The darwinian extension.., p.14
The Darwinian Extension: Transition, p.14Hylton Smith
“I don’t know the answer to any of those questions except mistaken diagnosis – Velikovsky would not have made such an error. Perhaps you should inform Xiang before we leave for Earth.”
Carvalho agreed. He also suggested she recall Pascal 2 from the Rift to discuss the mass storage of cellulose by the Rabo and the fascinating new information regarding Echus Chasma.
Things were getting hectic for Xiang. Having just returned from Finland, and the emotionally draining meeting with Pykonnen’s family, including discussion on their wishes for funeral arrangements, his time was in high demand. The family had accepted his offer to have a memorial service in Beijing, which would involve recognition all over the world via television, then ship the body to his home for a private service. He had to begin arrangements for such a big event even though it would be weeks before Newton returned. He had also been requested to contact the FBI. The selection of the new crew for the next vessel was beckoning, Mike was back, and Carvalho had dropped a potential bombshell in his lap. The Radmanov saga had to be looked into with maximum discretion and urgency, with his boarding of Newton imminent. He had to trust someone with whom he had experience on this; it was not a task for an unknown quantity. Reluctantly he called Karl Koppelt. Although Koppelt had retired, this could be an advantage. He would be able to milk his former contacts in an unofficial, ‘harmless’ capacity. Koppelt’s instinctive first question was, “Why do you have to allow him to come home now?”
Xiang was immediately on the defensive. “I don’t, but what does it achieve by keeping him out there?” Koppelt saw this situation as if sympathy was not part of the equation. “There’s no way I can discreetly find out what is at the bottom of this in time for you to decide on his return. You either let him come and import the concern on to Newton or you tell him to stay while we find out more. It’s pretty obvious really.” Xiang nodded. He subsequently informed Carvalho that Radmanov had to stay on Mars until the next shuttle (already named Columbus) arrived.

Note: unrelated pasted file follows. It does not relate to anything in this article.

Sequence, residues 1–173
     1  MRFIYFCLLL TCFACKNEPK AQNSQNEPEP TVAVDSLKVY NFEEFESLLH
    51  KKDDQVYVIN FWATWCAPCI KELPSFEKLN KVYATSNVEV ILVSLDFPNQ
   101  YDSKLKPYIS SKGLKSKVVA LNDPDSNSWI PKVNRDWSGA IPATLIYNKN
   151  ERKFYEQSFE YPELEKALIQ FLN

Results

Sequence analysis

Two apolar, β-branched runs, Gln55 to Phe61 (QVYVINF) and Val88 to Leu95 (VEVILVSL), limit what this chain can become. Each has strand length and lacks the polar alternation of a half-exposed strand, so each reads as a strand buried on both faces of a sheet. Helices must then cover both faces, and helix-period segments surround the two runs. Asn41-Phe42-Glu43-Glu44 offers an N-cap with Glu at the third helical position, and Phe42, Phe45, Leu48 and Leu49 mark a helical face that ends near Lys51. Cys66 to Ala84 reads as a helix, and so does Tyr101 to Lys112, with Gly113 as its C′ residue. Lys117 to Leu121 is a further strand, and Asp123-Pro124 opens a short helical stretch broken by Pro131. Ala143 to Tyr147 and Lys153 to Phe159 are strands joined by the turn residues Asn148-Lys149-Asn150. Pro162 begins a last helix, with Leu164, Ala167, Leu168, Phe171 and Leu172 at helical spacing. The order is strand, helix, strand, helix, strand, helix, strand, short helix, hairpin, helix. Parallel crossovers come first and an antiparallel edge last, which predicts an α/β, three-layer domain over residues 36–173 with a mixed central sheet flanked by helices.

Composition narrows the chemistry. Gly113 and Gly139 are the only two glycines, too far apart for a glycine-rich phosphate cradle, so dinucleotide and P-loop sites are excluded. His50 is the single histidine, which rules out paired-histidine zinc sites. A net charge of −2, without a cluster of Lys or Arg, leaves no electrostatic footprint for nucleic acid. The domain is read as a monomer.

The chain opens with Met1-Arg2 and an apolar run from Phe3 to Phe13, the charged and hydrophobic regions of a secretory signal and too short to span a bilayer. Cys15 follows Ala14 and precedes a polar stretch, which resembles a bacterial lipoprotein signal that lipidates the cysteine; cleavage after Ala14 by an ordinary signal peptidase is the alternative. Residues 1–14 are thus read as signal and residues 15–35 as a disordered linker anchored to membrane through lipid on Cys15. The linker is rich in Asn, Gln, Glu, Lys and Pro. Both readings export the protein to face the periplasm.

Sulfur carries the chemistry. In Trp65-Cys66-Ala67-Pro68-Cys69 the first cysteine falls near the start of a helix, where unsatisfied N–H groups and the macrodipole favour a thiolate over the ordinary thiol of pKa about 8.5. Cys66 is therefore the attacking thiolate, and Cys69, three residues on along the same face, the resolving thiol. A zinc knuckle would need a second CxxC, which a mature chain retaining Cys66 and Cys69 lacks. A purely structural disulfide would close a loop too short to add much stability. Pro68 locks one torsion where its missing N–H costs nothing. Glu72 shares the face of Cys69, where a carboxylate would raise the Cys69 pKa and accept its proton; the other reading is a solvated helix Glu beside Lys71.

When Mike showed Xiang his haul of Scarlet O’Hara and confirmed that particular lode was stripped, he also said that the area may contain more. “This was probably the easiest to find. There are a lot of old and disused mines but I felt it was better to get back and get this lot into safe storage. It would be more efficient if your people can develop a tool specific to antimony detection, similar to a Geiger counter for radiation.”
“That sounds like a long way off, even if they know where to start.”
“I agree, but if these ruthless barons somehow get the composition details you may find they invest in this avenue; then we have a bigger problem.” Xiang said he would initiate discussion. Mike said he would make preparations to head to Canada. “I believe it would be better to avoid travelling back and forth to the same location repeatedly; that may in itself arouse unnecessary attention.” Xiang again affirmed the suggestion. He then returned the call to his FBI contact.
Pascal 2 joined the discussion over Radmanov’s mystery diagnosis. He concurred with Scillacci that the results suggested a dangerous outcome if left untreated. He also found it difficult to believe it had been missed, although it was a genetically driven problem. “I cannot see any other reason than the one offered by Dr. Scillacci Commander. The checks we do are based upon a ‘clean bill of health’ at the outset. This defect has always been there although his current cardiac data we collect is no different from that which he had before the mission. It can only mean that the original screening which indicated a future problem but not a current one was ‘doctored’, if you will excuse the expression. If Dr. Scillacci had not been as thorough we would not have known of this aberration. Why it has occurred is more in the province of humans, it only confuses me. Of course if Radmanov himself knows why this was done, so would his replicant.”